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Limitless clean energy Part 1

Almost two thirds of global greenhouse gas emissions accumulate in the Earth's atmosphere by burning fossil fuels coal, oil and gas. With 80% of energy obtained by man is produced today from fossil fuels.

Even in Norway, a country with well-developed hydropower, more than half of the energy consumed is produced from hydrocarbon sources. Fossil fuels used in industry, transportation industry, heat homes, and, last but not least, to maintain the oil installations offshore.

Renewable energy produces energy from clean, inexhaustible sources. Their use does not lead to the accumulation of harmful pollution that contributes to global warming. As long as we have sunlight, wind and water, we will have access to the powerful energy contained in these sources. Clean energy from the sun, wind and water the Foundation of future energy, energy based on the "zero emissions".

But unlike the developed industrialized Nations are poorer countries have to rely on a constant supply of energy in order to provide the public at least a minimum standard of living. The task today is to help these countries maintain stable economic growth with renewable energy.

The transition to "green" energy, including in developing countries, should be our common goal. To achieve this, we need to develop new technologies and create mechanisms that will encourage the development of renewable energy. It is necessary that States how the poor and rich became more profitable to invest in clean energy sources, then we will be able gradually to abandon "dirty" fossil fuel energy.

Offshore wind farms

The construction of offshore wind turbines that is, wind turbines located in the sea or ocean, which provides special benefits. First, the winds blowing over the sea or ocean, are characterized by a greater strength and constancy, and secondly ourselves to the wide sea allows to use wind energy more efficiently than land after all, at least 70% of the earth's surface is covered by seas. Offshore wind energy is, however, also difficulties. Today they are mainly associated with greater costs due to the imperfections of existing technologies.

On the Eastern coast of great Britain, is now being built offshore wind farm on 88 turbines installed on the seabed. The project Sheringham shoal is being developed jointly with two Norwegian companies Statkraft and Statoil. The wind farm is expected to be operational in 2011 and they produced electricity should be enough to provide electricity to 220 thousand homes in Norfolk.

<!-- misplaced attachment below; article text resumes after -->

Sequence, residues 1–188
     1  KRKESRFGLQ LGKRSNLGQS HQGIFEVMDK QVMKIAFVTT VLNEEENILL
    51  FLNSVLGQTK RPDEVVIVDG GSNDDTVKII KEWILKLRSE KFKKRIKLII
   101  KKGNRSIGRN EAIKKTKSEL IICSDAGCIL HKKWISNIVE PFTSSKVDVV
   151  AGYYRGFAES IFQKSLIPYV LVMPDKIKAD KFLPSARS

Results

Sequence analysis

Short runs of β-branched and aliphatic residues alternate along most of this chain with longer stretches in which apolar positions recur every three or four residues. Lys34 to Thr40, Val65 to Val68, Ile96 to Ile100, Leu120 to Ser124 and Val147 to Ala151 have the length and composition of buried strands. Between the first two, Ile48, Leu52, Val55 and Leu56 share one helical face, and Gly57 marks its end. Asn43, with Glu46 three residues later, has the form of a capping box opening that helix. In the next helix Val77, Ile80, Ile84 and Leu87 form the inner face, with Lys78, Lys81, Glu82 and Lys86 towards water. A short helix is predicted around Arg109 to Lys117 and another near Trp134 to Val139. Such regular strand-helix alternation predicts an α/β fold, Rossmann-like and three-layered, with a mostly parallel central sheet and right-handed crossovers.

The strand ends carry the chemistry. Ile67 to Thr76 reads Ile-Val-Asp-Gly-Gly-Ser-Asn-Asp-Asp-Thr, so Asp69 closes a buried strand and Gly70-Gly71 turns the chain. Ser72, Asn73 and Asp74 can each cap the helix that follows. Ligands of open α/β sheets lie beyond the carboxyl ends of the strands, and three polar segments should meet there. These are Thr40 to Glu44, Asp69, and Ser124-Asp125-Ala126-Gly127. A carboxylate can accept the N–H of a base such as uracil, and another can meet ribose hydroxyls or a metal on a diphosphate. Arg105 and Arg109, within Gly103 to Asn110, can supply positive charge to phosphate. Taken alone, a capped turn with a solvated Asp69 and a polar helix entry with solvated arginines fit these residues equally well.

The Sheringham shoal not the most ambitious undertaking when compared with those wind power projects that the UK is planning to expand from its shores. In those areas which the British authorities now withdrawn for the construction of wind turbines, needs to concentrate wind farms with a total capacity of up to 25 thousand megawatts. It is a thousand times more than the energy that gives launched this year in Wales, the first onshore wind farm, built by Statkraft in the UK.

Apparently, the UK and Germany, will become in the near future leaders in the development of wind energy in the North sea. The two countries are actively investing in wind energy by providing grants for project development of offshore wind farms. The shallow areas of the North sea create ideal conditions for the construction of stationary wind power plants, which can be mounted directly on the seabed. More deep water off the coast of Norway's future in floating wind turbines. However, their construction required more sophisticated technologies, whose development up to a commercially competitive level is expected only after 10-20 years.

At the end of September 2009 earned turbine pilot Hywind wind turbine conducted to the shore cable was supplied with electricity the world's first mobile sea of wind turbines. Test station Hovind, is an experienced wind farm, built by Statoil and drifting off the coast of Norway in the North sea will be conducted within two years and must demonstrate the possibility of construction and use of such installations on an industrial scale.

By 2020, European countries should significantly increase production of electricity from alternative sources, and it can be assumed that 50% of this growth occurring in wind energy. Scotland and Norway show the highest potential for the development of offshore wind. So, the Norwegian company Enova is a state owned enterprise, working on projects of environmentally friendly energy policy under the auspices of the Ministry of energy, predicts that the volume of potentially recoverable energy offshore wind in Norway amount to 14 thousand terawatts. It's almost as much electricity as is produced now by all power plants in the world combined!

Not all the projects proposed today in the wind industry, can be called perfect from the point of view of environmental performance or economic attractiveness, but the fact that the wind energy potential is huge no doubt.

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